A U.S. federal appeals court has struck down the U.S. military's
classification of a Guantanamo Bay detainee as an enemy combatant.
VOA's Michael Bowman reports, this is the first time the U.S. court
system has overruled the Bush administration's designation of a
detainee since the Guantanamo facility began operations in early 2002.
court ruled in favor of a Chinese Muslim, Huzaifa Parhat, who has spent
the last six years in detention and is one of more than 100 detainees
to challenge their enemy combatant status in the U.S. judicial system.
The court directed the U.S. military to release Parhat, transfer him
out of Guantanamo, or hold a new proceeding to once again determine his
The court announced its decision without providing any
details, saying the ruling contains classified information. The
Department of Defense did not immediately comment on the matter.
rights groups say the appeals court ruling is a landmark decision for
Guantanamo detainees, yet one with little practical benefit for Parhat.
Stacy Sullivan is a counter-terrorism advisor for New York-based Human Rights Watch.
[Parhat] will probably not be released," she said. "He is a Chinese
Uighur, and there are a number of Chinese Uighurs being held at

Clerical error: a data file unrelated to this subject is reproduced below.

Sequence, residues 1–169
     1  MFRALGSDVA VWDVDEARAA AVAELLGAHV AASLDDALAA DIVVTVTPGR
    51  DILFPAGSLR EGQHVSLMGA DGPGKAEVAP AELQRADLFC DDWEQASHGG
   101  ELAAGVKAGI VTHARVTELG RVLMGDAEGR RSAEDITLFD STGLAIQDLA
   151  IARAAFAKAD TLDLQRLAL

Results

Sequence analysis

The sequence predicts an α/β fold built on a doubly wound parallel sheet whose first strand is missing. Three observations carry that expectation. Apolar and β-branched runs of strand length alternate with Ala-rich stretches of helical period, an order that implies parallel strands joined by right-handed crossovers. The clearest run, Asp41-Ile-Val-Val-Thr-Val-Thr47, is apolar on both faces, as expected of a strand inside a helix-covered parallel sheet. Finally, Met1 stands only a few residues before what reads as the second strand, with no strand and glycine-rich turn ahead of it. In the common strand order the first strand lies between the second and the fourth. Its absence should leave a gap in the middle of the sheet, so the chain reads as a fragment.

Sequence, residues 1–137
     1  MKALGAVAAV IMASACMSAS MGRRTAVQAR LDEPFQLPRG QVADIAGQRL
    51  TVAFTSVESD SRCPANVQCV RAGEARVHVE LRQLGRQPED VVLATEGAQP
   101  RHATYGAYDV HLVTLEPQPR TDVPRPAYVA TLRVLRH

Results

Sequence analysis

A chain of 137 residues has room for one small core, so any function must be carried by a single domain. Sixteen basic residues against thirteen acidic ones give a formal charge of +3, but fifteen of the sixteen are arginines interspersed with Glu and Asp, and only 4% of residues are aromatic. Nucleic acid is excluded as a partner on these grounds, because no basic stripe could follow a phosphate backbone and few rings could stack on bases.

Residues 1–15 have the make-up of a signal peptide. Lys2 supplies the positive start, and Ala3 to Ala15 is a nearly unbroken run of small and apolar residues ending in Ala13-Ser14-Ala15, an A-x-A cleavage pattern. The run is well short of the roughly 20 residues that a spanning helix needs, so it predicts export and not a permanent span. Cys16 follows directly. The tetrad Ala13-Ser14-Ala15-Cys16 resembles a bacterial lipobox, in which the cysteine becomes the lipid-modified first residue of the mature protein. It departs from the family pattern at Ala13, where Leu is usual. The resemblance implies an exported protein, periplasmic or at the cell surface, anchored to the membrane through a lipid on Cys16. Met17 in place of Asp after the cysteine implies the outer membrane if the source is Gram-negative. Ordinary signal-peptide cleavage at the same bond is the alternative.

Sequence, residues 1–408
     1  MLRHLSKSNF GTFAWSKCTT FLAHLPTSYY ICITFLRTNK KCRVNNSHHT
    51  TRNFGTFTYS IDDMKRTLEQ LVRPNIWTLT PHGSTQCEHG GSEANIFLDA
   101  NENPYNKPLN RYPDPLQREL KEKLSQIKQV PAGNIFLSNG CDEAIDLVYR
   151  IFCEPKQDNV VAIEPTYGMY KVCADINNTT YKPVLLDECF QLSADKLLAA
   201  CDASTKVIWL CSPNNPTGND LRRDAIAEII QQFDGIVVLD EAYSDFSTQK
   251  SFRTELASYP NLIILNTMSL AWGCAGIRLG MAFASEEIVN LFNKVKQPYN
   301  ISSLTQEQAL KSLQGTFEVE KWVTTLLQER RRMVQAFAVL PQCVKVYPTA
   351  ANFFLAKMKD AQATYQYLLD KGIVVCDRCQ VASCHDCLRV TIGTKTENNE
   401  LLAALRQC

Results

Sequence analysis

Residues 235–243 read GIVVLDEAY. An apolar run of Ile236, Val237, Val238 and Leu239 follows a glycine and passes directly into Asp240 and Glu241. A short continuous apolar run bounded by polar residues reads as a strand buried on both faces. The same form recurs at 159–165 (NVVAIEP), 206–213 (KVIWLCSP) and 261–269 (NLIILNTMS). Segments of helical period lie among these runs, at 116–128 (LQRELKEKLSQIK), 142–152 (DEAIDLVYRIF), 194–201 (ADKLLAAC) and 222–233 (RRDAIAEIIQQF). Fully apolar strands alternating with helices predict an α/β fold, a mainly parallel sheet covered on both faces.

Guantanamo who are already declared no longer enemy combatants. But
they cannot leave Guantanamo because they have nowhere to go. They
cannot be sent back to China because they have a well-founded fear of
torture [in China], and the United States to its credit will not send
them back there. So the Uighurs are pretty much stuck in Guantanamo."
2006, the United States released five Uighurs from Guantanamo and
resettled them in Albania. China, which regards the Uighurs as
terrorists and separatists, demanded Albania to return them to China.
Albania did not comply.
U.S. authorities believe some Uighurs
have links to al-Qaeda. But they admit the Uighurs held at Guantanamo
never fought against the United States, nor did they take part in the
9/11 terrorist attacks in New York and Washington.
Watch's Stacy Sullivan says the plight of the Guantanamo Uighurs points
to a real dilemma facing the United States if at some point it decides
to close Guantanamo, an action favored by both presumptive Republican
and Democratic presidential nominees.
"There are about 50
detainees there who have said they do not want to go home because they
fear being tortured: Uzbeks, Libyans, Uighurs, a few other
nationalities," she said. "What is to be done with them? It is simple
enough to transfer those for whom we have evidence of terrorism and try
them in our federal court system. But the 50 detainees who cannot go
home, it is unclear what is going to happen to them, and that is going
to make closing Guantanamo really difficult."
appeals court ruling follows a U.S. Supreme Court decision earlier this
month affirming the right of Guantanamo suspects to challenge their
detention in U.S. civilian courts.